Farming News - Wheat, winter barley and oat areas likely to be up for harvest 2019
Wheat, winter barley and oat areas likely to be up for harvest 2019
The areas sown to wheat, winter barley and oats in Britain have all increased compared with 2017/18, according to AHDB’s Early Bird Survey.
Good drilling conditions in most part of the country and comparatively high prices encouraged growers to plant more winter varieties this autumn, bucking the trend of recent years.
Daniel Rooney, AHDB analyst, said: “Under these favourable conditions, we have seen more autumn cropping, going against the trend towards greater spring cropping in recent years.”
The GB wheat area for harvest 2019, including spring wheat, is forecast to rise by four per cent to 1.86Mha for harvest 2019. This would be the highest wheat area since 2014.
The winter barley area is expected to rise by 13 per cent to 444,000ha, while the area of spring barley is anticipated to fall three per cent to 735,000ha, the first decline since 2014.
Having risen substantially in 2018, the area of oats is again projected to rise by nine per cent – an increase of nearly 50 per cent in the total GB oats area since 2015.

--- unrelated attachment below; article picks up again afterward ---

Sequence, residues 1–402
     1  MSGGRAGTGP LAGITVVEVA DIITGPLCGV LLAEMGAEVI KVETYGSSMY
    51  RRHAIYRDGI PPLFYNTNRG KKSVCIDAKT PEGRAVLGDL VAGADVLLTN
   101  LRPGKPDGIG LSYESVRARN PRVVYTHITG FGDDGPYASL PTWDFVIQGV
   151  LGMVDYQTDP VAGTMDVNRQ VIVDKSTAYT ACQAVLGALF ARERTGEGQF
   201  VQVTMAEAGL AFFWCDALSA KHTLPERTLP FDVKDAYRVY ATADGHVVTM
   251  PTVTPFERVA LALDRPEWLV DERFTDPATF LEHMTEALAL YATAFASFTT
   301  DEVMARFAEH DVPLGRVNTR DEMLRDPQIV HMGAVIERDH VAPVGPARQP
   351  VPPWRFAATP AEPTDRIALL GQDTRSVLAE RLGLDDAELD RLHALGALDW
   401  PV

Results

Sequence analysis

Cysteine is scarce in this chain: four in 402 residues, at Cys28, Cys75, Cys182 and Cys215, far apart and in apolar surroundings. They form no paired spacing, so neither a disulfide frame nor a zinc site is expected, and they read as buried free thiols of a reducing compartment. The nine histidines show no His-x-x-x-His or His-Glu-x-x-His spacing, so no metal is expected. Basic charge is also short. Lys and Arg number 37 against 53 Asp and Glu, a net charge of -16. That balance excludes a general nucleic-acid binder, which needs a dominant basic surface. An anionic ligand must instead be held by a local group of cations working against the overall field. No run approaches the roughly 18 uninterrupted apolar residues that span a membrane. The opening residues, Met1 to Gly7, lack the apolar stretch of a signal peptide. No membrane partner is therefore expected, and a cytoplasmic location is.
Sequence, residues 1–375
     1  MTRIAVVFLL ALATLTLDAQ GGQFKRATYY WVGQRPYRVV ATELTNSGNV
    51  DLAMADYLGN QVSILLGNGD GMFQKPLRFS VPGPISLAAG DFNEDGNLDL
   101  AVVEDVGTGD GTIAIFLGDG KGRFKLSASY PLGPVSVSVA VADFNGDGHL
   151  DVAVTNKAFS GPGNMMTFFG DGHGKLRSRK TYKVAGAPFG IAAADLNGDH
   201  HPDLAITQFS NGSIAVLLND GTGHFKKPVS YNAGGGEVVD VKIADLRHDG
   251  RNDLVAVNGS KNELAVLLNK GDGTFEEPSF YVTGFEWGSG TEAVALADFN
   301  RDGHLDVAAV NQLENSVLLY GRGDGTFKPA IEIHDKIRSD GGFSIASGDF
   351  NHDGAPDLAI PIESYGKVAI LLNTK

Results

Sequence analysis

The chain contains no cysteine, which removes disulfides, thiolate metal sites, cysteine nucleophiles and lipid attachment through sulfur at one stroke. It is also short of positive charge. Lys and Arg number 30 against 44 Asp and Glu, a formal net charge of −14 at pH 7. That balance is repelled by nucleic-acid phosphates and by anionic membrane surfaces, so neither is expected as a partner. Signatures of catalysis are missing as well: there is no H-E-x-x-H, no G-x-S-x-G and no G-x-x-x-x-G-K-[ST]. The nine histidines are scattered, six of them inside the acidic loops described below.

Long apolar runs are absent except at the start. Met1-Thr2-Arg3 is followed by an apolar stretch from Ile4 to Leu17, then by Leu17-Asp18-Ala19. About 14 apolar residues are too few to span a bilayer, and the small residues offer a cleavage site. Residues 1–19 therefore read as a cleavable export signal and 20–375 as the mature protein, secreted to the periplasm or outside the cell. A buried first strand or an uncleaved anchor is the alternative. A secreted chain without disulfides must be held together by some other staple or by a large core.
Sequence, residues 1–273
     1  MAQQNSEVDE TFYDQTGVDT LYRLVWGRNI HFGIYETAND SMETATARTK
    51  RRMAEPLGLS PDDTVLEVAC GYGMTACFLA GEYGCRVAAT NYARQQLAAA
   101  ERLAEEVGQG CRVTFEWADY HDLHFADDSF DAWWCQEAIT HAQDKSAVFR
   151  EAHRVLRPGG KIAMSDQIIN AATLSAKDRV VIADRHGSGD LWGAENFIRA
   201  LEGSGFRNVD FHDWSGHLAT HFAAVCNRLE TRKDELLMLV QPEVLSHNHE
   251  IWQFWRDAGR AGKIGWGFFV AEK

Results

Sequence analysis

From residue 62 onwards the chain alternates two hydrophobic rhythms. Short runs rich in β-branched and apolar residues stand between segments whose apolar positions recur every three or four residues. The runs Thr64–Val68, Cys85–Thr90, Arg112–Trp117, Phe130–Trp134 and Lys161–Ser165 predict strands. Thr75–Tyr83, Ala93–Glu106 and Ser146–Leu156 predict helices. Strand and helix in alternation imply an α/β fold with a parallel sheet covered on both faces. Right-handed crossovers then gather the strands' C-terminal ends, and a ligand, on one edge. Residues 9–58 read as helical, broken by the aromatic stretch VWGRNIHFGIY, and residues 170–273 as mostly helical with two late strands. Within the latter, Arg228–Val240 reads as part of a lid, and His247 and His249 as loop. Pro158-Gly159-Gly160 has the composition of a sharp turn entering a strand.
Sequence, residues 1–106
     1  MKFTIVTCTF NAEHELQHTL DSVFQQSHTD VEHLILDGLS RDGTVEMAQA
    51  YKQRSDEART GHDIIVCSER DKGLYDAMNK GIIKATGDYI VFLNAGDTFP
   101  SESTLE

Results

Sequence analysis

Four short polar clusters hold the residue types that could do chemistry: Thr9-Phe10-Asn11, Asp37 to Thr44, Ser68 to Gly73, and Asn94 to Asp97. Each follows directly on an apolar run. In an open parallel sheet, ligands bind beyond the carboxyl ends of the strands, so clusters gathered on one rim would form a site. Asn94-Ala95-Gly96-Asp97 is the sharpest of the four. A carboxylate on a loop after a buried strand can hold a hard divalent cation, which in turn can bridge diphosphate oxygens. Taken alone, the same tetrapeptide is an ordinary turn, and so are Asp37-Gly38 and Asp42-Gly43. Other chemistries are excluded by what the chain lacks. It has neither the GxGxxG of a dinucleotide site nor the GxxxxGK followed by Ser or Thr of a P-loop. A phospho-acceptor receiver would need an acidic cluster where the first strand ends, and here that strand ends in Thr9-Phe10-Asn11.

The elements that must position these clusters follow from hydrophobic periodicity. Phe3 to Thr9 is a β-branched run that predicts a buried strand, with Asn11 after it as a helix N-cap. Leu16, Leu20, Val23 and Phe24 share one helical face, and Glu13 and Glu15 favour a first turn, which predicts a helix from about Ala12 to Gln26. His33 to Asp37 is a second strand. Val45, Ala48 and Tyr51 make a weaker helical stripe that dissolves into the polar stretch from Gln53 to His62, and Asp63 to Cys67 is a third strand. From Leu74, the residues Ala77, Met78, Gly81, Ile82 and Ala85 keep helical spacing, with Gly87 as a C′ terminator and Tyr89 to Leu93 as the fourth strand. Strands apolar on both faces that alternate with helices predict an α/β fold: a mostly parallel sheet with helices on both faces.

The survey shows a likely decline of three per cent in the area of oilseed rape for harvest 2019, down to 582,000ha.
Daniel said: “Seed sales figures and anecdotal evidence suggest that the total planted area for oilseed rape was similar to or even possibly higher than last year but dry conditions and cabbage stem flea beetle caused more crop losses than previous years, leading to an overall decline.”
Daniel added: “The Early Bird Survey carries a track record of very accurate figures. Nonetheless, the survey only represents a snapshot at a given point in time and therefore should be interpreted carefully.”
As always, figures for winter crops which have already been planted will carry a greater degree of certainty over spring crops yet to be drilled. Final results and regional data will be available following the release of final Defra data, scheduled for late December.